You would think that Celtuce is a cross between celery and lettuce but it isn’t. It is sometimes called Chinese lettuce as it originated in China. It is grown mainly for its thick, tender stem, but its leaves can also be eaten. In China, the stems are broiled or boiled, added to soups, and used in stir-fries with meat, poultry, or fish. It is grown mostly in home gardens and is not widely known. When cooked, the stem tastes like a cross between squash and artichoke which means that I would like it a lot!

 

Marsh Samphire

This vegetable is shaped like miniature Arizona cacti but flourishes in the mud of salt marshes around the coastlines of England and France. Collecting and cleaning it is messy and time-consuming. Marsh Samphire is also known as glasswort and was once used in glassmaking! Today, however, it and its relatives are seen as plants of the future because they will grow in salty conditions. To cook, blanch without salt (because it is salty) and add butter. It is served in salads and on trout. Cultivated varieties can be imported from Israel and the Gulf. Its nickname is sea asparagus.

 

Angelica

The healing powers of Angelica, according to the people in France’s marshy Poitou-Charente region where Angelica has grown for centuries, have used it as an antidote to poisons. Hmmm, possibly good to eat after you eat Ackee (above)? Angelica is a member of the parsley family and also grown in Italy, Scotland, Germany, Scandinavia, Russia, and parts of North America. It can withstand the temperatures of Iceland and Greenland. The leaves can be shredded in salads and used in omelets and fish dishes. The stems are often stewed with rhubarb or made into preserves and jams. Today, it is most commonly used as a candied confection for cakes, sweet breads, and cheesecakes. The leaves and stems taste like licorice.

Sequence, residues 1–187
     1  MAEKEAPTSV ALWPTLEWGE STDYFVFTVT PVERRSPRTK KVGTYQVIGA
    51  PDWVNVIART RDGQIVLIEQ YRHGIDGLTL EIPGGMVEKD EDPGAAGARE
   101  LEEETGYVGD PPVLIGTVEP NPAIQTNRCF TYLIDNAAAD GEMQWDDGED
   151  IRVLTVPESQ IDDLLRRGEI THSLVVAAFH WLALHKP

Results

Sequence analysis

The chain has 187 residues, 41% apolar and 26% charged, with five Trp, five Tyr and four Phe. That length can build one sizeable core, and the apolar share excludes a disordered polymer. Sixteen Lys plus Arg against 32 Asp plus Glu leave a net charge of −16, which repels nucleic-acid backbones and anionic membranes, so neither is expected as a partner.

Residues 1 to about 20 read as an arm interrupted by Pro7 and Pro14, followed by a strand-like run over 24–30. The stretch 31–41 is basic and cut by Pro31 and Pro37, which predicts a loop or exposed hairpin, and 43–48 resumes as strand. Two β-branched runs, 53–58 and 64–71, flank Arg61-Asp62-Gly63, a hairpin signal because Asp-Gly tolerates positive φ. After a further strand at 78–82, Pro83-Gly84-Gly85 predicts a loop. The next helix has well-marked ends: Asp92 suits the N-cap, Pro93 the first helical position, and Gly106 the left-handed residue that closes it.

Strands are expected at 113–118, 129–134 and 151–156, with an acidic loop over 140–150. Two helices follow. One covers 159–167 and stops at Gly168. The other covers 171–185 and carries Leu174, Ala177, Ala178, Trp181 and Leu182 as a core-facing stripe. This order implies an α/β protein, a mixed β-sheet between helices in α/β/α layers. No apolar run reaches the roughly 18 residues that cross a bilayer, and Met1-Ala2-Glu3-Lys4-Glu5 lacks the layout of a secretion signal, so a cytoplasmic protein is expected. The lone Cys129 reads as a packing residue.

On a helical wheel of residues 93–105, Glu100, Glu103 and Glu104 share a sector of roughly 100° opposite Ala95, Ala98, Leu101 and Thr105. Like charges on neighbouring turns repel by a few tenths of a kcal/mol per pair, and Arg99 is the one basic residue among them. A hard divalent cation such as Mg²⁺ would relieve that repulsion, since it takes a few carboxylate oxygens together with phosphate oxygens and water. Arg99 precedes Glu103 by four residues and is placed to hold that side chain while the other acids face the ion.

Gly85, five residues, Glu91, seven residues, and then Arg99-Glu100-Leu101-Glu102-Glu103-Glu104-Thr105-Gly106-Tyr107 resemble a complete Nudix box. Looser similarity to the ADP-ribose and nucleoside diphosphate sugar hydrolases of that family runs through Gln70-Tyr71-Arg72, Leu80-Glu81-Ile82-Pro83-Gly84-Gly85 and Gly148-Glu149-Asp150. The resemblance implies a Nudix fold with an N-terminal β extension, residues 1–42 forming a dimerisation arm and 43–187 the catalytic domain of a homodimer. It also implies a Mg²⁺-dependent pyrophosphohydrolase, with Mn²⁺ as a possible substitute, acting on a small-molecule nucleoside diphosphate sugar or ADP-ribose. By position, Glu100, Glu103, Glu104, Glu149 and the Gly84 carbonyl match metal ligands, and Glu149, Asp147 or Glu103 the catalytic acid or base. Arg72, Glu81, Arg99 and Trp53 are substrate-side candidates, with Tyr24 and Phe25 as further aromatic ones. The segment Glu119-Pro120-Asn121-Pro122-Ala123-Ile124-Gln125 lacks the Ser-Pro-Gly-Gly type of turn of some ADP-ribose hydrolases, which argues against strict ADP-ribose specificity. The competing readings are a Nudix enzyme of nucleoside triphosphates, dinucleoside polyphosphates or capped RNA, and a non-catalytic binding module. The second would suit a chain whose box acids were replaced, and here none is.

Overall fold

Golden Needle

One of the least familiar ingredients to the Western world is golden needles also known as tiger buds. That is, unless you’ve heard of the folk song, “Silver threads, golden needles can’t unbend this heart of mine….” Sound familiar? These buds range in color from pale gold or orange to dark amber in its dried version. They are often added to noodles and meats prepared over high heat. Their sweet, musky flavors complement woodears, enokitake, and misos and appear together in recipes across China and Japan.

 

Ratte Potato

Unlike other vegetables or fruits with names that mislead you to believe their taste, shape, or lineage is why they were so named, this particular vegetable actually was named Ratte Potato because it, alas, looks like a rat!  Eeeeks! Leave it to the French to take care of that problem: they called it Quenelles de Lyon. Ratte’s texture is dense, firm, resistant to breaking down, and yet smooth. They have a nutty taste similar to chestnuts.

 

Huitlacoche

Huitlacoche is also known as corn smut. Part of its name is the Aztec word for dung. I’m not making this up folks. Truth is stranger than fiction. It is a naturally occurring fungus that disfigures growing corn. I’m surprised I never heard of it, considering that Indiana is a corn-growing state. We (we?) must call it something else. The corn kernels swell and mutate into distorted silvery blue lumps with black interiors. How divine. It has a mushroom-like flavor with hints of corn and licorice. It is usually sautéed with garlic and onion and used to flavor traditional Mexican dishes. It can be difficult to find fresh huitlacoche outside of Mexico, but specialty food stores in the US and Canada often stock flash-frozen or canned versions in the event you are dying to try this.

 

Stinky Tofu